Websites are fast becoming the true “shop front” of many businesses and are often the first port of call for potential clients, meaning that it is now more important than ever that they make a good impression. Most start-up and existing businesses will set aside at least some of their budget to retain a third party marketing or web design agency to start establishing a presence on the web if for no other reason than to allow search engines to pick them up when users look for a certain service in a certain area.
Such as “removals” in Manchester or London, both of which are home to offices of JA Coles, a removals and transport contractor who is being sued by worldwide digital image providers Getty Images for copyright infringement over the use of a photograph on the JA Coles Website which was licensed to Getty for use by a Canadian Photographer. The claim has been issued in the High Court and seeks damages for, amongst other heads of claim, payment of the commercial royalty for use of the image, compensation for the costs spent in uncovering the unauthorised use and “loss of credibility”.
This kind of case is nothing new, but it’s a very timely reminder of how even fairly anodyne imagery is protected by copyright, how that copyright can be used to generate income, and how far businesses will go to ensure that income continues to be generated.
Under English Law, Copyright in a photograph will always belong to the photographer in question unless that photographer has made other arrangements or is taking the shot as part of his duties as an employee. Being the owner of that copyright means that you can restrain other people from copying or using the image without your permission, subject to a number of very limited exceptions. This is how professional photographers continue to generate an income.
In this case, the photographer has licensed the photograph to Getty, who are a huge worldwide “image bank”. Getty will, at any time, have hundreds of thousands of images under license from their photographers, ranging from celebrities or “stock” pictures which will often appear in marketing materials, such as businessmen shaking hands, a cup of coffee on a boardroom table and so on. Getty will then use its massive resources to licence the images for use by third party customers and pay a royalty to the original photographer. This is now a very big and lucrative business for Getty as more and more businesses look to develop their brands through websites and often don’t have the time or skill to produce professional imagery of their own. Of course, if an image is simply cut and pasted from the web and used on another website, then Getty’s and the Photographer’s revenues stream is going to be abruptly cut off.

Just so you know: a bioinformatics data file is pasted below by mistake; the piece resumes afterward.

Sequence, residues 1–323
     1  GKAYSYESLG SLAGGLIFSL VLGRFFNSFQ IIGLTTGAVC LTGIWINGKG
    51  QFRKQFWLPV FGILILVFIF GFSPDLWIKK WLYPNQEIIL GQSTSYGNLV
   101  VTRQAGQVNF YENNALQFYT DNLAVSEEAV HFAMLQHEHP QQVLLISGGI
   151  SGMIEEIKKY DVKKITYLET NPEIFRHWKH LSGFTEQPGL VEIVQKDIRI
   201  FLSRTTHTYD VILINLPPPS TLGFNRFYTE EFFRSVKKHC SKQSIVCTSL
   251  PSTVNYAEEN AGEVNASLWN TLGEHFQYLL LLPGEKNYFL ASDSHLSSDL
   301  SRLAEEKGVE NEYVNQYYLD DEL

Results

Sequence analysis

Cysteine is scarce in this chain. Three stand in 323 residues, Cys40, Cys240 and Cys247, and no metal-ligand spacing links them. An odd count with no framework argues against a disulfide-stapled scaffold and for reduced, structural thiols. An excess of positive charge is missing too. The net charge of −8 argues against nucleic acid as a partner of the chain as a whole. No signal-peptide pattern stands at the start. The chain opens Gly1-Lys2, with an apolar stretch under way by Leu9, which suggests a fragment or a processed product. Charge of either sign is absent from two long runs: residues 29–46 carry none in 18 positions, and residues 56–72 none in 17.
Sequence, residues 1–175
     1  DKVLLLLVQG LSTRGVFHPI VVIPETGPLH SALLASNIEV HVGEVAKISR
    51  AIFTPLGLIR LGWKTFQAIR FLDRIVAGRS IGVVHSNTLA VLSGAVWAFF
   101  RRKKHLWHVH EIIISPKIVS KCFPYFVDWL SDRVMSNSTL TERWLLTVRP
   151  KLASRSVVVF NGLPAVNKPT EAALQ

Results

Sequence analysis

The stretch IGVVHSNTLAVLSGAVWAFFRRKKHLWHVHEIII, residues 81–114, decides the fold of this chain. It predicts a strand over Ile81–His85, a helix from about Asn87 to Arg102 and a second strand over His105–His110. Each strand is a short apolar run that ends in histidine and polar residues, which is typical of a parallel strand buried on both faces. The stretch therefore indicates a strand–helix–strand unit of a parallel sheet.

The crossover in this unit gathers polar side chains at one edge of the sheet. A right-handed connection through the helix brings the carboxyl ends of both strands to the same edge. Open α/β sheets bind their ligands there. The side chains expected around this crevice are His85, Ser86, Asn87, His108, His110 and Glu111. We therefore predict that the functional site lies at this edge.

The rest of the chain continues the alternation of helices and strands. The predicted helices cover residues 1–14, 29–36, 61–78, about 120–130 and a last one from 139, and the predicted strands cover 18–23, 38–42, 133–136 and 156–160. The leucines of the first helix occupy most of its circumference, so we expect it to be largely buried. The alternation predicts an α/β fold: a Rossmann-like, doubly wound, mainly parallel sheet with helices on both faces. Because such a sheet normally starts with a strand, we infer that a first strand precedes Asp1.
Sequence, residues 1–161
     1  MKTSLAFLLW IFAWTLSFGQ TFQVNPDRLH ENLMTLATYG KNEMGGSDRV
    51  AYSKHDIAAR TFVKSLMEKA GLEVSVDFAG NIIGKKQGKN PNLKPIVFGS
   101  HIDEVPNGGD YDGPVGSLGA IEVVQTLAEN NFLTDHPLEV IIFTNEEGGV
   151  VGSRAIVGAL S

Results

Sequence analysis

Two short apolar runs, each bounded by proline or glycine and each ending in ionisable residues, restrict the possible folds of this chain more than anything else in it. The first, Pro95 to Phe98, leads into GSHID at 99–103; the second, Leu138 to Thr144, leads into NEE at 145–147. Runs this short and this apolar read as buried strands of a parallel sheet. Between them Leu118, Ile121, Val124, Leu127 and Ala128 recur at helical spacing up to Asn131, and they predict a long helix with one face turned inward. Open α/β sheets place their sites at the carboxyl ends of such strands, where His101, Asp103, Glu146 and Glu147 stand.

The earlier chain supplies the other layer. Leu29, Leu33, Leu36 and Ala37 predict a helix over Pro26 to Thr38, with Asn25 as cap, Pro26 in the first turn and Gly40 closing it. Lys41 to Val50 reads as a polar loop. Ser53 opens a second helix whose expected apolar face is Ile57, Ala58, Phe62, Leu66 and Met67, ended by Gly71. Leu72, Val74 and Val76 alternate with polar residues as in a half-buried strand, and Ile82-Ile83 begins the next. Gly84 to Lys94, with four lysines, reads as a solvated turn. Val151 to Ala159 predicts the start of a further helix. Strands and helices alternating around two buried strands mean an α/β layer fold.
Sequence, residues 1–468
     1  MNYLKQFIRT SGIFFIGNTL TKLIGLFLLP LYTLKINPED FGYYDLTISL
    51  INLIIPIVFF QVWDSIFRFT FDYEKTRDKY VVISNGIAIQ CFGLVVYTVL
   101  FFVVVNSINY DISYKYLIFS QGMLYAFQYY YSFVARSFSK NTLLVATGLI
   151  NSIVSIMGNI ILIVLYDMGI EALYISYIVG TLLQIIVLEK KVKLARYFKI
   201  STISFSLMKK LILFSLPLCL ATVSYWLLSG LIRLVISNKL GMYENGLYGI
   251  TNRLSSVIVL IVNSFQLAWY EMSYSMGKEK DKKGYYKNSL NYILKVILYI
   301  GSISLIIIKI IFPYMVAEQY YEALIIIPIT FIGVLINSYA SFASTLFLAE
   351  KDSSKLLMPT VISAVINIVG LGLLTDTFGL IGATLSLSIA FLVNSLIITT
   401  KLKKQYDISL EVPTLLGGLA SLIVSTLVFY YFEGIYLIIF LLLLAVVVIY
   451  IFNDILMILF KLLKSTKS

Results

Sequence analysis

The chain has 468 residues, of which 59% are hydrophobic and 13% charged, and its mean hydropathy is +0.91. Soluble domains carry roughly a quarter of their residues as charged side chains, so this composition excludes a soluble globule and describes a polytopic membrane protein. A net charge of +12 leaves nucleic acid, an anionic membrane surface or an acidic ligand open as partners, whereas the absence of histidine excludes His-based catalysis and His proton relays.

Getty has a very strict policy on the use of their imagery without a license or permission and employs a number of in-house lawyers to take action against any infringers. Usually, cases don’t go any further than a stern letter and a payment of the appropriate royalty (which is what the Court would award in damages), but here Getty seem determined to make an example of JA Coles as a deterrent to other businesses contemplating taking a similar short cut.
Use of unlicensed imagery may save you time in the short term, but in a period of economic decline where IP rights are being protected more and more jealously, the only way to protect yourself is to make sure that you have the rights to use all of the imagery on your website. There aren’t may defences open to you and the most widely used, innocent infringement, can only be run in a very limited set of circumstances in cases where you can demonstrate a genuine belief that there was no copyright in the image in question (usually because the period of protection has expired).
Additionally, if a Web Design Agency or other third party has put together your website, their terms and conditions may contain an indemnity, meaning that, if the site which they produce contains unlicensed imagery, then they can’t be sued for infringement. You should always ask them to provide details of all of the images they use as well as invoices for licence fees paid.
We are likely to see more and more of these cases. The bottom line is, if you’re going to use an image, either make sure that it belongs to you or make sure that you have the right to use it.